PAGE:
Land, water and laws

PPP’s Sindh is an unhesitant acceptor of all things progressive

This is the party line handed down by its creator, ZAB, followed by a large number of enlightened faces in its councils

But the real power structure takes over in implementation

It is not just a laid-back bureaucracy, but the well-known feudal-bureaucratic nexus that resists till the noise reaches Bilawal to act as Chairman in one of his unguarded moments

Among many others, village Gul Muhammad Lund of UC Bedhmi near the zero point in Taluka Badin is waiting for that moment

Its residents remember ZAB who made women of the village owners of land by allotting them three acres each

That was in the 1970s

The asset ownership made no difference to their marginal existence

Even today, the villagers do not have safe water to drink

There is no school and the out of school children are cent per cent

Nor is there any heath facility, public or private

So what good was the access to land? Owning land without the right to water means nothing

The village is situated in the coastal belt at the tail end of the dreaded Left Bank Outfall Drain (LBOD) that has drained public funds more than the water

Badly conceived by the World Bank and poorly maintained first by WAPDA and now the Sindh government, the LBOD brings the unadulterated dirt and waste to the village and the sea

It leads to the intrusion of the sea onto the lands of the poor

During floods, the drainage from the upper districts spells disaster for the tail end due to breaches and overtopping of the drain

They wish there never were an LBOD! In Sindh, 77% of farming is done by women

Much more in village Gul Muhammad where women dominate ownership as well

Appropriately, the Sindh Women Agriculture Act was promulgated in 2019, but without making the resultant improvement required in the Sindh Tenancy Act of 1953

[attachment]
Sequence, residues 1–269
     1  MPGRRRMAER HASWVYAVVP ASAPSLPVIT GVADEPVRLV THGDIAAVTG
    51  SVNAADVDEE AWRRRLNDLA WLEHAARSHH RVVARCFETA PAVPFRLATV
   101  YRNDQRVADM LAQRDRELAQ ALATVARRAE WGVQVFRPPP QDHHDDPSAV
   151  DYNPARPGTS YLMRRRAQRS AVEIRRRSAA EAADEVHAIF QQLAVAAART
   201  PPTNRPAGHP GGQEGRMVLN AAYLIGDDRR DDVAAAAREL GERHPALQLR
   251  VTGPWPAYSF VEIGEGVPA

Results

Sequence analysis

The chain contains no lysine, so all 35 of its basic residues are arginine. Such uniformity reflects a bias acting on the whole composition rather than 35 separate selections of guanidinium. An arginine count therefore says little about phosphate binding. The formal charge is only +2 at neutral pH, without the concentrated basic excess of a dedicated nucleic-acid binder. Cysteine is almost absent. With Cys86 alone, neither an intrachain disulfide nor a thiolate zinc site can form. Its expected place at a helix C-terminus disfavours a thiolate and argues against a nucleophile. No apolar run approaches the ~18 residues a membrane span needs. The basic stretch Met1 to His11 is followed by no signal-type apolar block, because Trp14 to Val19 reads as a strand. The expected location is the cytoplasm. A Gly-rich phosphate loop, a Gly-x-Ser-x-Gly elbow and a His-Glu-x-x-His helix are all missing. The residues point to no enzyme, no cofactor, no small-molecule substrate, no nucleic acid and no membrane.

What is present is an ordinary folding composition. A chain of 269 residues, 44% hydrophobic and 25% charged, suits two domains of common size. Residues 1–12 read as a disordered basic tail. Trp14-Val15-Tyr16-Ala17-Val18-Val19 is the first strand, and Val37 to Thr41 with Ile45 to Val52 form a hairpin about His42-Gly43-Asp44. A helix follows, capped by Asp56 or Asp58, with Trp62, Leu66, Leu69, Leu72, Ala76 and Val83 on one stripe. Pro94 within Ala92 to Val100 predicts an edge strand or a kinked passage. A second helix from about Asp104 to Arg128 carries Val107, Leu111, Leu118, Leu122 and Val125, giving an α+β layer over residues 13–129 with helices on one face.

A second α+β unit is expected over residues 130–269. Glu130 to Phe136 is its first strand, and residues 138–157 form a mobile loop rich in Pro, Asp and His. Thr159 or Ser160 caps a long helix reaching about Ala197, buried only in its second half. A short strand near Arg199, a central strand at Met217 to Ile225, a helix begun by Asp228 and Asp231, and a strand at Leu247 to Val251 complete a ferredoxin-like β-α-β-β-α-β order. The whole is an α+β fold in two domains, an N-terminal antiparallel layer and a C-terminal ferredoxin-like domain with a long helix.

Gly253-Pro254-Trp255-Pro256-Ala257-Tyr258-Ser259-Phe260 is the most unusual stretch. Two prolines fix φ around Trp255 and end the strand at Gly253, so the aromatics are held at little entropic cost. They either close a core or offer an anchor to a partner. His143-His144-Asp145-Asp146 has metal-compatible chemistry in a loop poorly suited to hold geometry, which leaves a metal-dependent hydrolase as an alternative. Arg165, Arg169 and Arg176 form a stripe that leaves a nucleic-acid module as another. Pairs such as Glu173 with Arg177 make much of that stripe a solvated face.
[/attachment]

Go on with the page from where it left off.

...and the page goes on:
A civil society organisation, Strengthening Participatory Organisations (SPO), mobilised women in village Gul Muhammad and other villages around the right to water

The community debates led to the finding that water distribution, drainage removal and flood management would become more inclusive if women’s representation in water management bodies was ensured

These include Farmer Associations, Water Allocation Committees and Area Water Boards

To improve the legislation enacted in 2002, the Sindh Water Management (Amendment) Act was drafted in 2018

A private bill, it took three years to pass in January this year

Then its implementation was being delayed due to the procrastination in the process of rules formulation

SPO, after drafting the amendments in the original ordinance for the legislators, also drafted the rules for the convenience of the bureaucracy of Sindh Irrigation and Drainage Authority (SIDA)

Finally, the approval was accorded in August

Even after notification of the rules, the status quo will change only in the jurisdiction of SIDA, which is limited to the three main canals of lower Sindh

When the jurisdiction is extended to the entire province, and the law is implemented in letter and spirit, agriculture’s dynamic is likely to change significantly

The experience of the Sindh Rural Support Organisation shows that empowering women at the household level delivers much better outcomes

Similarly, the results of a study by Mustafa Nangraj presented at an SPO seminar showed that 60% of women were excluded from decisions about crop farming

This empowerment, together with the participation in the decision-making foras of irrigation water could make a material difference to lives and livelihoods

Date:27-Nov-2021 Reference:View Original Link